I’ve been determined to make it to my daughter’s first birthday without taking a major trip without her so that I could sustain our nursing relationship (major is in my mind 2+ nights away) and thus far we are on track at nearly 10.5 months. One interesting challenge presented itself recently when I visited Northwestern University during a Chicago blizzard. Northwestern is my host institution for my sabbatical year. Since, like most professionals these days, I do not actually have a portable family (we have great daycare here in Maryland and my husband has a good non-portable job), my decision was to make visits to NU during the year and conduct my sabbatical at GSFC.
Luckily on this trip I chose the “embedded daycare” model and had my mother meet me in Chicago. Last time I hired a Loyola grad student to help me with childcare but she would not have been able to make the trip to where I was in Evanston (the area of Chicago where NU is). Also fortunately my brother and sister live in Evanston, with my brother approximately 20 minutes walk away. Granted that is impossible to arrange for all trips, but I recommend having an uncle and aunt who love babies to be within walking distance if you’re traveling with a baby in a blizzard.
So we had a collaboration meeting all day on Monday that should have lasted 1.5 days. We like to meet all day, go to a nice dinner just to hang out, sleep on our discussions over night and then meet the next morning to wrap up. With the blizzard coming we modified this to include a working dinner with food delivered to Northwestern and compressed the meeting into one very busy, very long, day so people could escape the next morning. I was able to negotiate two breaks: at lunchtime and right before dinner. At lunchtime, the group walked somewhere to get food while my mother and daughter met me at the observatory (note: the weather was not yet horribly cold and the blizzard had not yet started). I was able to nurse my daughter, catch up with my mother, and finish just as the rest of our research collaboration returned with bagels. Key to this was that my collaborators at NU lent me an office for the nursing right next to our meeting (and yes, I did ask!). The second break came right before dinner and was a little crazy. I got a cab from the observatory to Whole Foods where I bought the beer for our working dinner. I asked the cab driver if he could meet me 2 blocks away at my hotel in 45 minutes. I then ran to the hotel to nurse my daughter, greeting my brother and sister-in-law on the way in to the hotel while carrying the beer. I caught the cab back and was able to deliver the beer to the group just as our food showed up for the evening session.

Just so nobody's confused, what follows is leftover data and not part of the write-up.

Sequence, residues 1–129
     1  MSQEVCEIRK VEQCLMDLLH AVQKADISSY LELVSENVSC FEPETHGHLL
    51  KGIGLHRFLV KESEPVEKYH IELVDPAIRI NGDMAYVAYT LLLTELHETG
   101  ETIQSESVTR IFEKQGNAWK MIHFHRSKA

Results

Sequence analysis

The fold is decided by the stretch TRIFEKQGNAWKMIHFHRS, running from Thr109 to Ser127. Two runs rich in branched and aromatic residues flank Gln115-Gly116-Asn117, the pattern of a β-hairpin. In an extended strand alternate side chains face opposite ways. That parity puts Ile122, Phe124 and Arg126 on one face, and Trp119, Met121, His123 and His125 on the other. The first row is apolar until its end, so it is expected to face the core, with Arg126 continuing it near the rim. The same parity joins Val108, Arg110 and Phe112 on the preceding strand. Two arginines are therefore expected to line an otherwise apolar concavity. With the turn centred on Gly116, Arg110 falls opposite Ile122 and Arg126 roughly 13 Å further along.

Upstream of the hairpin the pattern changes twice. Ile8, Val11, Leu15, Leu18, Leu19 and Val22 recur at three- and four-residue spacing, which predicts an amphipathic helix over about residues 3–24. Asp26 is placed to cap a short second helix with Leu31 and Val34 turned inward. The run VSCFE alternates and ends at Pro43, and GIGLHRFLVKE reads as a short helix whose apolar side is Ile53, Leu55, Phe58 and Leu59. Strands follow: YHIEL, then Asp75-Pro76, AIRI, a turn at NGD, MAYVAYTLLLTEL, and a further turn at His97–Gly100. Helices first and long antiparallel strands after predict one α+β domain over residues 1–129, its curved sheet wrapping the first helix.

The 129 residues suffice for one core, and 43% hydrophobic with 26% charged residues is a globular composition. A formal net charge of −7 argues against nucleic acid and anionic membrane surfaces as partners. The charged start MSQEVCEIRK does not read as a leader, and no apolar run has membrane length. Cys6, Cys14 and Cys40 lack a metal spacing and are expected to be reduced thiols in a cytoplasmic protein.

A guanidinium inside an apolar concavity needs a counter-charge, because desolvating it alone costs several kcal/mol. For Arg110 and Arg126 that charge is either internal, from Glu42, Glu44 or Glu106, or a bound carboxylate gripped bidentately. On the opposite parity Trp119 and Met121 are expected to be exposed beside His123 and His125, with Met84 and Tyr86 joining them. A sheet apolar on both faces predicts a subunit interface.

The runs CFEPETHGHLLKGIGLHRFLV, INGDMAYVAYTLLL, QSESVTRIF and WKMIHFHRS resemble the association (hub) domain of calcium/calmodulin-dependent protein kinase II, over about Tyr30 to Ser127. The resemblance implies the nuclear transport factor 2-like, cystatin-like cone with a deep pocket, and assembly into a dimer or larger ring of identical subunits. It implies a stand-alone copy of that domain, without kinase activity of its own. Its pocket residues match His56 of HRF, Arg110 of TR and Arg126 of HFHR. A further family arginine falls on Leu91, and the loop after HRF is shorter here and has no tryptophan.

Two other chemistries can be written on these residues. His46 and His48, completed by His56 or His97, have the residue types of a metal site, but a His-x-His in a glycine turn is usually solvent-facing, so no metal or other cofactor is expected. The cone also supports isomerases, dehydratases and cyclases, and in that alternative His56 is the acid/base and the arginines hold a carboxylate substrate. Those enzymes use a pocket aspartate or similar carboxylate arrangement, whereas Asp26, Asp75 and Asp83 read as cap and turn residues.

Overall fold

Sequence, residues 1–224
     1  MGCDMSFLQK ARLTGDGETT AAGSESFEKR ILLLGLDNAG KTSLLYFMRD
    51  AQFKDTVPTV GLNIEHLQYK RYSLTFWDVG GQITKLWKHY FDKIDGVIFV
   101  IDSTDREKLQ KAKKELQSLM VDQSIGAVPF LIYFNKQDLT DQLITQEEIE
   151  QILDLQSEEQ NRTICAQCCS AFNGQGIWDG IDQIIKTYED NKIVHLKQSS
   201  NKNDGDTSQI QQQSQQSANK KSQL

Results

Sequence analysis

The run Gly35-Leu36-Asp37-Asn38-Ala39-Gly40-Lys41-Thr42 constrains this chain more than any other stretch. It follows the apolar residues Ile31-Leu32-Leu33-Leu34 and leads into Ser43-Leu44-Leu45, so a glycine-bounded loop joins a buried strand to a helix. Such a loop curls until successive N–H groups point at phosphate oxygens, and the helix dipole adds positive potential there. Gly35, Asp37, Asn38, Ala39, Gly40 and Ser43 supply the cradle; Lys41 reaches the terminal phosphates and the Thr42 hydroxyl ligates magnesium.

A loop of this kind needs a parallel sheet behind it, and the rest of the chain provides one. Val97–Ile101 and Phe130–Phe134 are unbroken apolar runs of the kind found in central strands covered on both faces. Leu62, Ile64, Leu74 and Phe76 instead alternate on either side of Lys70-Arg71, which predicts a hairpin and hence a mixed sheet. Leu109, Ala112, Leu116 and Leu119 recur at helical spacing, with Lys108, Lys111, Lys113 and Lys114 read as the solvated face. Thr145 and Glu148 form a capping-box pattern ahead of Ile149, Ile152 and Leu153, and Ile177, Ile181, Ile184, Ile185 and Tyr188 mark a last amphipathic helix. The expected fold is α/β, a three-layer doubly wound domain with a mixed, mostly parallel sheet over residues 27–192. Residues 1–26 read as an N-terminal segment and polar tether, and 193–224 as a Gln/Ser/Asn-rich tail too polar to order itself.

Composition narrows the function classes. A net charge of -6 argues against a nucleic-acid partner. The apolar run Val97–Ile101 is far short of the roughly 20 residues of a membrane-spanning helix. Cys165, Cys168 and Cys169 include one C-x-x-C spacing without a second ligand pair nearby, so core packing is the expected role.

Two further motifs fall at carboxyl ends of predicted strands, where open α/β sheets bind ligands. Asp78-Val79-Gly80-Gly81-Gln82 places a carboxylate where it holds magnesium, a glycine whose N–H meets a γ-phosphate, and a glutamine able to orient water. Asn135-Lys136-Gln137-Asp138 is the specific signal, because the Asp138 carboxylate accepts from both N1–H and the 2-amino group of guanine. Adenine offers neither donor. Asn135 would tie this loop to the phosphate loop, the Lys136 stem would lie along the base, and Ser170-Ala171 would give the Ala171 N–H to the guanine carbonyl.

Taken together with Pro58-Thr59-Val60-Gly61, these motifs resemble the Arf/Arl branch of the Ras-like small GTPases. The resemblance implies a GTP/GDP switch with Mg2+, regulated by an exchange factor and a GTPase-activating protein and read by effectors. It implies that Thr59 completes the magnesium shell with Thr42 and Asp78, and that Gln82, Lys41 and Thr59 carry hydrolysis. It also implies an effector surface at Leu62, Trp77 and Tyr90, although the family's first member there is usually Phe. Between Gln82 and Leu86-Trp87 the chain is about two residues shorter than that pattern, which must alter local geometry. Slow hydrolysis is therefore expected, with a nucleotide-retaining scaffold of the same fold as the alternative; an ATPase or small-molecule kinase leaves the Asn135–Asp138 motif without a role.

The next several days, save Wednesday, I got back to the hotel using various methods of transport (walking, cabs, students of my host driving me) as it was somewhat dangerous for babies to be out in the cold. That plan to have my daughter meet me at lunchtime at the observatory just had to be modified! On Wednesday we were snowed in and I made arrangements with several foreign collaborators in a nearby hotel to meet at Peet’s coffee. So even on our snowed-in day I squeezed in about 2 hours of “science” albeit just casual discussions and getting up to date on each others’ work, etc.
The nights were rough as my daughter is teething. She kept me up more or less the whole time from about 1AM – 6AM (periods of rest were had, but none long enough for proper sleep). At the end of the week, I was a zombie who was catching a cold. On the last night no fewer than four of my family members tried to get my daughter down to sleep and we eventually gave up and folks went home while I sat up on the couch with her.
Despite this fatigue, each day was very productive from a research perspective and also fulfilling personally. I had my mom there the whole week, my siblings were around ~5 out of the 6 nights/afternoons and my dad joined once his bus was able to make it to Chicago. Sure, maybe I could have found a way to take a nap (actually, I seriously doubt that..) but I chose to slump on the couch and watch my daughter giggling in delight as my brother or sister animated all the scattered toys in the apartment. I chose to have a good long discussion with collaborators I do not see every day about topics related to the paper I am writing.
It was a stagger to the finish line on Saturday afternoon when I met my husband at the airport. In closing, years ago I went to a great workshop on how to acquire and then succeed in a tenure-track position in science and/or engineering and I will never forget the woman they had as a keynote speaker who said “well, first I did this, and then I got a phone call and I took this higher-up position, and then I won a bunch of proposals and then I was invited to be dean….”. She made it sound like a cake walk! Frankly, I think that makes the rest of us wonder what we’re doing wrong when life ends up being so hard. Well, I’m here to remind us of what we already know: many of the worthwhile things in life do not come easily. However, they are possible. You can be a full time astrophysicist, nurse your baby and keep in touch with your family. I promise I’ll pat you on the back at the AAS when you tell me how hard it is.